I WANT YOU TO TAKE A SECOND and think of your favorite album. If that’s too hard, which I would assume it is for so many of us, I want you to think of one that has impacted you incredibly in some way. It could’ve been the soundtrack for an awful or overwhelmingly happy time, or the album that changed the way you felt about someone or something.
I PUT MY FAITH ON A SHELF YEARS AGO. At fourteen, I began seeing a very sweet but wayward girl who acted in direct opposition to the stringent brand of Christianity her mother had built their life around. At the time it was difficult to reconcile the raw issues she was working through with the black and white simplicity of my church.
ON OCTOBER 25TH we were one month out. We would soon be celebrating the election of Hillary Clinton—childhood hero of Rory Gilmore—and watching Gilmore Girls: A Year in the Life, filling our hearts with the limited victories of progressivism while our eyes went bloodshot from binging.
I SAW LADY BIRD AT PERHAPS THE MOST ADVANTAGEOUS TIME for the film to just tear my heart to pieces. I had moved to Santa Fe, New Mexico, seven months before, away from Chicago where I had done my last three years of growing up, and the Midwest, where I had done all of my growing up.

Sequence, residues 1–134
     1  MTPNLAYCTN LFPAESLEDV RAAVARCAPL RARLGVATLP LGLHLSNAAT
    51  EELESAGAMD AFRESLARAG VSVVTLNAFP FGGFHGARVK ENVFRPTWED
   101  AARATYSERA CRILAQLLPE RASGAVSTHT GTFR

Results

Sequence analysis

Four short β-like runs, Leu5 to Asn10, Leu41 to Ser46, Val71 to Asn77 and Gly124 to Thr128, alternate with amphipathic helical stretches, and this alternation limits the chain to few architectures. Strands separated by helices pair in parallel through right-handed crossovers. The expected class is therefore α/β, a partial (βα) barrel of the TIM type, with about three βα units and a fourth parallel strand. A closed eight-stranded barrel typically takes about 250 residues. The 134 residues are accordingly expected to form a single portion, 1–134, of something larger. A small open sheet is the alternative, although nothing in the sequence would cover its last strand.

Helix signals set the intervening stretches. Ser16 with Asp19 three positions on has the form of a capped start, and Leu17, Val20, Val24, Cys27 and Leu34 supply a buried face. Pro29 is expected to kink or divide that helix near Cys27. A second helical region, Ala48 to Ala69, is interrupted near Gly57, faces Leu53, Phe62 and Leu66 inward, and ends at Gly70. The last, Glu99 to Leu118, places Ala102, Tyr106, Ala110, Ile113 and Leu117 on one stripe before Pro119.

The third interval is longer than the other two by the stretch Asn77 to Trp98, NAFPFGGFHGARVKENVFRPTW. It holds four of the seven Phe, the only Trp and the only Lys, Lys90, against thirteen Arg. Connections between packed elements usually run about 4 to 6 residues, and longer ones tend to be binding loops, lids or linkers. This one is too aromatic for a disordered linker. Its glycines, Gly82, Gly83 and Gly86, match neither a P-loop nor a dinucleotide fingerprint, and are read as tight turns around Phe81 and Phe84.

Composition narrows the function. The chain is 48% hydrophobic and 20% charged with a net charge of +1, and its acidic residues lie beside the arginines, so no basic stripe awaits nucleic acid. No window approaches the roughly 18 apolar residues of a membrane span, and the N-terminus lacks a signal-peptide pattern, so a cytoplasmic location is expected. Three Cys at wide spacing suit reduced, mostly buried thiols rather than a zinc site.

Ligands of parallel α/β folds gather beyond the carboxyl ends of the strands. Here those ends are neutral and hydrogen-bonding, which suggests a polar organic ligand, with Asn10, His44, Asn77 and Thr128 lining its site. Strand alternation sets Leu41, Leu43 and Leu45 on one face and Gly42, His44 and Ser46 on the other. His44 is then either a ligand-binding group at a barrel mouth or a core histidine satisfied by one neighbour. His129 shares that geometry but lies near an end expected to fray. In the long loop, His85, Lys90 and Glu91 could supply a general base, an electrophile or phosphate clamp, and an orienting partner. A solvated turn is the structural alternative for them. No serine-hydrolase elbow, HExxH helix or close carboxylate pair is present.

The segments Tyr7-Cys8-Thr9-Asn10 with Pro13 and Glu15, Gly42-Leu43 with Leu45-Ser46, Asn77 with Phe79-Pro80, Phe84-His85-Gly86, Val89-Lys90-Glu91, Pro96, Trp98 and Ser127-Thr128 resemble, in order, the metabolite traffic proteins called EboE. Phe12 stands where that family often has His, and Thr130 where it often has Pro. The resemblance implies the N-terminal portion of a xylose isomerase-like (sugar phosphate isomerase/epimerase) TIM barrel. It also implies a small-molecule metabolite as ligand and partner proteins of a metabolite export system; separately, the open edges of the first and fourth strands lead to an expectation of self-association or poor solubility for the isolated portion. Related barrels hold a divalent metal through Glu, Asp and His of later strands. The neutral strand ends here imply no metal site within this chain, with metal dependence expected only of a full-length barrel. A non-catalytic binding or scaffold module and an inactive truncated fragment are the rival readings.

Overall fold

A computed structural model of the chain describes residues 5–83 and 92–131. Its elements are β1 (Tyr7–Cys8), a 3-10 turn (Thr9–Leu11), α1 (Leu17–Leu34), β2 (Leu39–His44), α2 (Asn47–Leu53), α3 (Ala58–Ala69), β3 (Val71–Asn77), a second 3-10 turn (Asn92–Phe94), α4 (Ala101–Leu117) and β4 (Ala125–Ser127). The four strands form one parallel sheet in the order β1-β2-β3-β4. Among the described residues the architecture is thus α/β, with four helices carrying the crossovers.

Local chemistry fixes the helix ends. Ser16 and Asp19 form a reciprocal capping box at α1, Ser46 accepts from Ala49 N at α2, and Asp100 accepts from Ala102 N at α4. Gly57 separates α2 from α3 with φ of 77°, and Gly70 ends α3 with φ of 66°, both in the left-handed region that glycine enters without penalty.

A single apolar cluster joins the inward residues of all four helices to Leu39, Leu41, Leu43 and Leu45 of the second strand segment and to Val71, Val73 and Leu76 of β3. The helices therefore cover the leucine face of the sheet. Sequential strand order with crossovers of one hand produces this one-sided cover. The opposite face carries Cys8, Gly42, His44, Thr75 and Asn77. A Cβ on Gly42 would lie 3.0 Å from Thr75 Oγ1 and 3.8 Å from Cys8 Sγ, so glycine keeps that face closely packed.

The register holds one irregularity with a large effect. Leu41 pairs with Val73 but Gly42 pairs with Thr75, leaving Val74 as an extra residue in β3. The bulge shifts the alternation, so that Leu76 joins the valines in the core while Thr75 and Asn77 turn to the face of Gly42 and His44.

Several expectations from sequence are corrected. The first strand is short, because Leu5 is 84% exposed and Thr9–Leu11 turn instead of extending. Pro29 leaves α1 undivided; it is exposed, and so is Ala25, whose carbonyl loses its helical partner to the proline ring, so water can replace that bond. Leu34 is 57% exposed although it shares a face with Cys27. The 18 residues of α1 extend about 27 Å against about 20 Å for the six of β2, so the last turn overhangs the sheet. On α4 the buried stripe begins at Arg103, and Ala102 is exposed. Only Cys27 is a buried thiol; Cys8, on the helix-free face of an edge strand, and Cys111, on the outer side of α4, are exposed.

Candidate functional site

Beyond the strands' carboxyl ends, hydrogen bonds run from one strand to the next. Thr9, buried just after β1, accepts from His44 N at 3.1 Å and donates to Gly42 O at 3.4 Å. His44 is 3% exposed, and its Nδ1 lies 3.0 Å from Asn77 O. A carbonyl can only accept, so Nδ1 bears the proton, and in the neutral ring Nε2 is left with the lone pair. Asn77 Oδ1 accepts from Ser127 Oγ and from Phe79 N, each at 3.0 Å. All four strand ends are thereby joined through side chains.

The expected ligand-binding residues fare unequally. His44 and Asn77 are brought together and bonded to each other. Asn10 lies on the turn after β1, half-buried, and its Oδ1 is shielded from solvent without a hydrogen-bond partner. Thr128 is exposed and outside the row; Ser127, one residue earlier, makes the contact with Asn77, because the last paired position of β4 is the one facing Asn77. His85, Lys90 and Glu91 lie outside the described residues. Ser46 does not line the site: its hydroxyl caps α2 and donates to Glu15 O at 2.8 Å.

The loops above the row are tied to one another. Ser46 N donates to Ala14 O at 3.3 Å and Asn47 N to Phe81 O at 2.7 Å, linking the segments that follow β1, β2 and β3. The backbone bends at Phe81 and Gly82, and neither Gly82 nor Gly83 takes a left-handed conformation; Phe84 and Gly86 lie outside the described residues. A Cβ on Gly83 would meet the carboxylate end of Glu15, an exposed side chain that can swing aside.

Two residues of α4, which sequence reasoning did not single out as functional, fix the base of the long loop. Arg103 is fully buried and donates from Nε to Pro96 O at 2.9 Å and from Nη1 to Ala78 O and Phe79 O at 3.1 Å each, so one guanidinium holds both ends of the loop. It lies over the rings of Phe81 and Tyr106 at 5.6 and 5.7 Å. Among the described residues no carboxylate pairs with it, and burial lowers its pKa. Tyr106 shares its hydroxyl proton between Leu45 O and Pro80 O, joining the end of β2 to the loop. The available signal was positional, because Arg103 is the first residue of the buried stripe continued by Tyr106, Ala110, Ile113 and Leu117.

ARCADE FIRE'S NEWEST FULL-LENGTH RECORD, EVERYTHING NOW raises questions about the eerily steady growth of this removed, cellophane quality about the world. This is nothing new—the band has provided commentary on a range of big picture ideas throughout their musical history.
I ENJOY THE FEELING of belonging—an unromantic and pure intimacy with the things with which I choose to spend time. Maybe more than anything, I seek to find on the screen, and on a record, a mirror with which I can see myself more fondly.
I STARTED WATCHINGMad Men in March 2017 because I wanted to learn how to become a better person. I thought Don’s journey would educate me on the repercussions of lying and subtle manipulations. He knew his weaknesses, and for the most part, he chose to ignore them.
WHEN ANTONOFF BEGAN teasing Gone Now, Bleachers’ second full-length album, I began to look for signs of Strange Desire. The first single, “Don’t Take the Money”, had hints of Desire—it was raucous, fun, upbeat music with underpinnings of pain. It was familiar in the best way.